[Re Feedback: "The Fag Rag," March 12 and "Ad Is Appalling," April 2]: I cannot understand why people like Brian King write to the paper with their shorts all in a knot over what people solicit in the personals. It's like a classified advertisement for an automobile, for Chrissakes; if you aren't interested, don't answer the ad! And all this faux concern for our young people. Come on! I remember being a kid and hearing friends talk about sex, and, believe me, except for a predator using coercion, none of us would have done any of this stuff unless we wanted to.
Then there are the people who are in a snit over the fact that the editors of Seven Days saw fit to publish King's letter. As much as it pains me to see such troubling thoughts in print, I fail to see what we gain by shutting the people who harbor them out of the conversation.
Finally, Docia Proctor's complaint, it seems, concerns an advertisement for American Apparel depicting a young girl in a tank top and shorts eating ice cream. Wow! That's pretty darn "hateful, degrading, humiliating, hurtful and scary!" Let's forbid all young girls from appearing outside of their bedrooms in less than long-sleeve shirts and full-length pants — or better yet, burkas — and God have mercy on their wicked, sinful souls if they eat ice cream in public!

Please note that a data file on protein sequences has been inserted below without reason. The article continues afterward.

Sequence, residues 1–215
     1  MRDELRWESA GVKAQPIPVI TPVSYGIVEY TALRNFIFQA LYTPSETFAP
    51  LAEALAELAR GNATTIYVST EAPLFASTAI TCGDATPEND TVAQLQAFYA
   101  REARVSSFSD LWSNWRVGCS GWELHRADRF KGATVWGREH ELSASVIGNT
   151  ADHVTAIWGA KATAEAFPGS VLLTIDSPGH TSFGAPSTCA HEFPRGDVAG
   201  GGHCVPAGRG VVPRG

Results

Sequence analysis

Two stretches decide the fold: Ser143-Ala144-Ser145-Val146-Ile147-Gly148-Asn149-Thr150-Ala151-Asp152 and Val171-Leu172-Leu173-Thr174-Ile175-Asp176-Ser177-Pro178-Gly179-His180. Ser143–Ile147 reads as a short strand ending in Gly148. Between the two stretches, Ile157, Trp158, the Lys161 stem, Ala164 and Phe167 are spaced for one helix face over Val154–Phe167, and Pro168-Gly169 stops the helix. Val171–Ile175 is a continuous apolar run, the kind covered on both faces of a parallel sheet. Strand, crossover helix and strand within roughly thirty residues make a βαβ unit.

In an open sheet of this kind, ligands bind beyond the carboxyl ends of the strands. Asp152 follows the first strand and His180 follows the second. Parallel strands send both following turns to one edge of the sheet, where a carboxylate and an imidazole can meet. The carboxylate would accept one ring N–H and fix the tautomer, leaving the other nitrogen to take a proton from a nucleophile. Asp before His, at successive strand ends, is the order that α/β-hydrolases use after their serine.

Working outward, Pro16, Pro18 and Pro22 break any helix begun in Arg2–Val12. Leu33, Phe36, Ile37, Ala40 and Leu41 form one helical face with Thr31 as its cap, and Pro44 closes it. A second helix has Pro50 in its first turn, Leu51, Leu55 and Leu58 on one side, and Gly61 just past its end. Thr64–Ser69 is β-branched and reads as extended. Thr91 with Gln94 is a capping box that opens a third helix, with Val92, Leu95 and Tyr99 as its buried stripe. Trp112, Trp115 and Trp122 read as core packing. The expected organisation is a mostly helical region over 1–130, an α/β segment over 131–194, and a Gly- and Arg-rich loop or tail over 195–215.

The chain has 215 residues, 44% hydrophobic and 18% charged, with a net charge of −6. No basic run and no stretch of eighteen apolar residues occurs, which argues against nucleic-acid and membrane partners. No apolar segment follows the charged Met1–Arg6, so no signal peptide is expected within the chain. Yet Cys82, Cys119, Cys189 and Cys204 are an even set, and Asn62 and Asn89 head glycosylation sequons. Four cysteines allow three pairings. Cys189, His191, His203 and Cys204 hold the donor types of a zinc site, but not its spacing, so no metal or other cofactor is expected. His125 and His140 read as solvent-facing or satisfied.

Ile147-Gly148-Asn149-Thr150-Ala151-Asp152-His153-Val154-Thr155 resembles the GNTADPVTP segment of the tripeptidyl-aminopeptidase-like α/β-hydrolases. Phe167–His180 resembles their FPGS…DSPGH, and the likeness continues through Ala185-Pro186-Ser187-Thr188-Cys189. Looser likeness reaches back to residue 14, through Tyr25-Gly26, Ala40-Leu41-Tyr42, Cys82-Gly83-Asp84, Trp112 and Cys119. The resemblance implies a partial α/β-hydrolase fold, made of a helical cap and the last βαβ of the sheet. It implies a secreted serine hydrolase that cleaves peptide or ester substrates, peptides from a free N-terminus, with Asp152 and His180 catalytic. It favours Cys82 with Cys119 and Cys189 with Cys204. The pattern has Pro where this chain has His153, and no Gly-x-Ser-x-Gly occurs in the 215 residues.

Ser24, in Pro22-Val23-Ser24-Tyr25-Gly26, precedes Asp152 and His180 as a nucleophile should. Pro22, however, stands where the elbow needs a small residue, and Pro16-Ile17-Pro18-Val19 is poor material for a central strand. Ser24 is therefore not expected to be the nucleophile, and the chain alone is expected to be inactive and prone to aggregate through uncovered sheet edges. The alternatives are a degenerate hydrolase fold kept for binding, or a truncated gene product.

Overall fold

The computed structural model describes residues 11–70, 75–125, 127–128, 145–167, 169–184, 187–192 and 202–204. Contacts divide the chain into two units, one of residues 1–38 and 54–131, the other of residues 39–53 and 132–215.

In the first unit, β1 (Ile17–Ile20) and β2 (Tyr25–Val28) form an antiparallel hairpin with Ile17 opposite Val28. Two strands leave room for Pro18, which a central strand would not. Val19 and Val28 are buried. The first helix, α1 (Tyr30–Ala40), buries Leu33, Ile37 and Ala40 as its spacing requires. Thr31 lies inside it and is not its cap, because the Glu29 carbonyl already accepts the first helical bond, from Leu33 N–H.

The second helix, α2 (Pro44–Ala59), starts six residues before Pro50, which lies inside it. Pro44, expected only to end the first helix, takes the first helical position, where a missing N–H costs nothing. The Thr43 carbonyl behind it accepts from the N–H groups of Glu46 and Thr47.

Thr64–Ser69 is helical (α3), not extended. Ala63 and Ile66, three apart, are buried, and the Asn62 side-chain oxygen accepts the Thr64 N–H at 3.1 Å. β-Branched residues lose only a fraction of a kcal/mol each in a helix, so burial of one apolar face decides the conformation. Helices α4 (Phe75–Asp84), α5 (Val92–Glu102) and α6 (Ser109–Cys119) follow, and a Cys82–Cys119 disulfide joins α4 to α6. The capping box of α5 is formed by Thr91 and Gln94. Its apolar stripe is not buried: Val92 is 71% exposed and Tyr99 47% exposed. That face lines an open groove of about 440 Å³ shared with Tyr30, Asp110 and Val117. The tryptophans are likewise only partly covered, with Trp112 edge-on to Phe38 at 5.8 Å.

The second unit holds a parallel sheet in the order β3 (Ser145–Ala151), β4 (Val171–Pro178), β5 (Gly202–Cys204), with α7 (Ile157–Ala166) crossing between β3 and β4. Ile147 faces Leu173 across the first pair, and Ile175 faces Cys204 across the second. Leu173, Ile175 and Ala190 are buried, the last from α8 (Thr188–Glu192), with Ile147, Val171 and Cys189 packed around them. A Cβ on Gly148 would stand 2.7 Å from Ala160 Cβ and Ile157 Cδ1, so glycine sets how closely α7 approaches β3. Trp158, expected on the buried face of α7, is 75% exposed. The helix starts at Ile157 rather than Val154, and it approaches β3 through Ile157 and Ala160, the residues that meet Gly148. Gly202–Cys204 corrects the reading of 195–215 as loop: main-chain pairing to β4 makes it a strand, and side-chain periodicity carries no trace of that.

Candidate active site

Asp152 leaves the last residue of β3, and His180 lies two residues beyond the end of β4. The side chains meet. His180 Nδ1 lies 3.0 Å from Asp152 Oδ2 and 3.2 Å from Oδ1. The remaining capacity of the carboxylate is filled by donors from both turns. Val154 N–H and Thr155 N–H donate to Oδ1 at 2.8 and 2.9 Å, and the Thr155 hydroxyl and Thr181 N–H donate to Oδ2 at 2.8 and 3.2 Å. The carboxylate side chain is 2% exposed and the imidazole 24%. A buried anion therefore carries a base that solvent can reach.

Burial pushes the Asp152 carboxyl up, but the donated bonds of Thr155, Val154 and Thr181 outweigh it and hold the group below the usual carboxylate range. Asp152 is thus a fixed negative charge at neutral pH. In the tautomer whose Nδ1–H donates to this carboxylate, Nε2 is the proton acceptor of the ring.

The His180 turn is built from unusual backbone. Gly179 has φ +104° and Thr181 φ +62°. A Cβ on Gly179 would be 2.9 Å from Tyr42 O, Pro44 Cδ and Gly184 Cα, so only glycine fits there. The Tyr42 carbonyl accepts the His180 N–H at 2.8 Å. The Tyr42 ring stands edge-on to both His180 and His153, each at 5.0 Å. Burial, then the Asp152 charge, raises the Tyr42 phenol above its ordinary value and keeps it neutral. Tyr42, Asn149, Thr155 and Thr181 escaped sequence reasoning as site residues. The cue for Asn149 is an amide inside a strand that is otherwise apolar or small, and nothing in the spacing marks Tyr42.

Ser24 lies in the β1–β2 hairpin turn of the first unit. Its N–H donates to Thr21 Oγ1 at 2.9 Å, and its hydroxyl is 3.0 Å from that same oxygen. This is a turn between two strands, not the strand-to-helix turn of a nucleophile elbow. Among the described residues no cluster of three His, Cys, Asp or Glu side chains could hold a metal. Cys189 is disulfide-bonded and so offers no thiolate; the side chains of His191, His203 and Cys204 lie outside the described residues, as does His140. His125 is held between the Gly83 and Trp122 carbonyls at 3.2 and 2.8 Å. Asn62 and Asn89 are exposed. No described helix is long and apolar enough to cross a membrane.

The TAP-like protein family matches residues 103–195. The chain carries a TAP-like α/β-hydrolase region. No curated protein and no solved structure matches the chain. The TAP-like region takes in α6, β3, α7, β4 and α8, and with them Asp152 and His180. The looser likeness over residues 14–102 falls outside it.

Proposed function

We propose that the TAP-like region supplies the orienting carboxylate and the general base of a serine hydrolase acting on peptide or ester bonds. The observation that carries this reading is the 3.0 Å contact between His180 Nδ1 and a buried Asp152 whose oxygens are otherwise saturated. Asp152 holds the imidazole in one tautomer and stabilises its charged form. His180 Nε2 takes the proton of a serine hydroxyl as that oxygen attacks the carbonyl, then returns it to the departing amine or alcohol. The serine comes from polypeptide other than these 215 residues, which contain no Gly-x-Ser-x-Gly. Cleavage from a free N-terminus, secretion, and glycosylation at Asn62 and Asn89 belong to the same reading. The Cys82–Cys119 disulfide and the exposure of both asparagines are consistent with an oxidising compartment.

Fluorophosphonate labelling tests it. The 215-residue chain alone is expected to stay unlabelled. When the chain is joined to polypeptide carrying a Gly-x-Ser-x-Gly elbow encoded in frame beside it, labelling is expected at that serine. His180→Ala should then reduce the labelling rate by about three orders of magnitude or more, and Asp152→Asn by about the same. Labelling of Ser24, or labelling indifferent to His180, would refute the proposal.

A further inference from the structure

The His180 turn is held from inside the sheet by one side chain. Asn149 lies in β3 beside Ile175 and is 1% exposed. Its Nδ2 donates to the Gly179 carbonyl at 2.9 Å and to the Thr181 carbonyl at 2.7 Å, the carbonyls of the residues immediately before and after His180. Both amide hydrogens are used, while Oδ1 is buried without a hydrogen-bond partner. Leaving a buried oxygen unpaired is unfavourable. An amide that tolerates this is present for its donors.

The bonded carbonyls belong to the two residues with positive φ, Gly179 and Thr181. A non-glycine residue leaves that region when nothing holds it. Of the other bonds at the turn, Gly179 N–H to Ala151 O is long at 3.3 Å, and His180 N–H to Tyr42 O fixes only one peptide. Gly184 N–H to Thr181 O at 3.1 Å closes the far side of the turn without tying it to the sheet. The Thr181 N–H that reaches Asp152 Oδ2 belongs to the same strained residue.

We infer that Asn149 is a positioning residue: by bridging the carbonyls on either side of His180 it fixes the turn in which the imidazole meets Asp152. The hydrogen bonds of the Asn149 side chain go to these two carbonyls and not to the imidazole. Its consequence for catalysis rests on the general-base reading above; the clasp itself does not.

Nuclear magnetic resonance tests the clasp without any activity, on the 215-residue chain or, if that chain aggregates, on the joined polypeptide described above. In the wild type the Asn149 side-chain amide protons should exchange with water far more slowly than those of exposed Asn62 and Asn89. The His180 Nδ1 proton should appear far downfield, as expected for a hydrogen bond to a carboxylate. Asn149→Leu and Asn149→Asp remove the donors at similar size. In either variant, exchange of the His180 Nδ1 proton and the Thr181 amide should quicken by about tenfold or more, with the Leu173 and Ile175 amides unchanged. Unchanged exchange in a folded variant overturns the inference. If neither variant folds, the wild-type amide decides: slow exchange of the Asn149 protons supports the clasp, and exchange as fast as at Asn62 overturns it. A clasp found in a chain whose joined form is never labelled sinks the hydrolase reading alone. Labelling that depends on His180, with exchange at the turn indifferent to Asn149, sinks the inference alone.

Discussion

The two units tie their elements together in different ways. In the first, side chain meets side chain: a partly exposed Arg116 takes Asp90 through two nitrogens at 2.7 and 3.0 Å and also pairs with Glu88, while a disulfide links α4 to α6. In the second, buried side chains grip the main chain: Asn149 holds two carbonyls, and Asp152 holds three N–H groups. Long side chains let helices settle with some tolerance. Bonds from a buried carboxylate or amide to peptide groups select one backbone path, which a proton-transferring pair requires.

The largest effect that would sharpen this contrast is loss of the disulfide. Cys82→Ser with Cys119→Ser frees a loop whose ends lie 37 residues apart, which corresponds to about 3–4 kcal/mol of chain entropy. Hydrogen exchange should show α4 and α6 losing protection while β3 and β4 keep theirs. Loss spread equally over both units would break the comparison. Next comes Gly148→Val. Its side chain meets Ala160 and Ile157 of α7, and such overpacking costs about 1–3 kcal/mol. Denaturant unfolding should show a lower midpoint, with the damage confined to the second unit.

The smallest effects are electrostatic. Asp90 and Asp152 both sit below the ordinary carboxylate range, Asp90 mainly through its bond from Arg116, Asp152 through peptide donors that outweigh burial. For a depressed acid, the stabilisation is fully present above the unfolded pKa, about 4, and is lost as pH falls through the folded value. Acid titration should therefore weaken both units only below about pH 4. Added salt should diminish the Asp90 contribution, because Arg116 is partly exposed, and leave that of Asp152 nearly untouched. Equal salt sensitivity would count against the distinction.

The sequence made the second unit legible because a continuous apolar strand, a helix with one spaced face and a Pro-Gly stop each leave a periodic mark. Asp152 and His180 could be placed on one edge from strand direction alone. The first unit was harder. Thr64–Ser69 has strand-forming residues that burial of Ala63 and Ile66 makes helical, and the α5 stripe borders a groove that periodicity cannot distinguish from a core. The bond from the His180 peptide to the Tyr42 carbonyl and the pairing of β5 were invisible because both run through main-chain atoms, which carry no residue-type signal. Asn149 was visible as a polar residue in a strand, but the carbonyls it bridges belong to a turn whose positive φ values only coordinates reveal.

I have a great deal of respect for the cofounders of Seven Days — a couple of women, by the way — for the success they have achieved at bucking the trend in print media and building themselves a very successful publishing empire. My only gripe with their paper is that it's so damned interesting that I can never get it all read before the next one appears on the newsstand.
I would make one suggestion: Publish letters like those penned by King and Proctor where they belong — in the comics.
The quotes from Senators McAllister and Flory [Fair Game: "Label to Table," April 16] against the GMO labeling bill show exactly why labeling works. The two senators reviewed the material presented to them and were able to forn their own opinions. While I disagree with their votes, the senators had the opportunity to make their decisions based upon readily available information. Once GMO labeling goes into effect, we'll all be able to better identify what we may or may not want to elect to put into our shopping carts.
Fun fact: The first GMO food, a tomato, came out in 1994. Senator Tim Ashe, the youngest state senator, was 18. Regardless of others' opinions of GMOs, I'd like to be able to feed my daughters the way all our senators' parents fed them as children: GMO-free.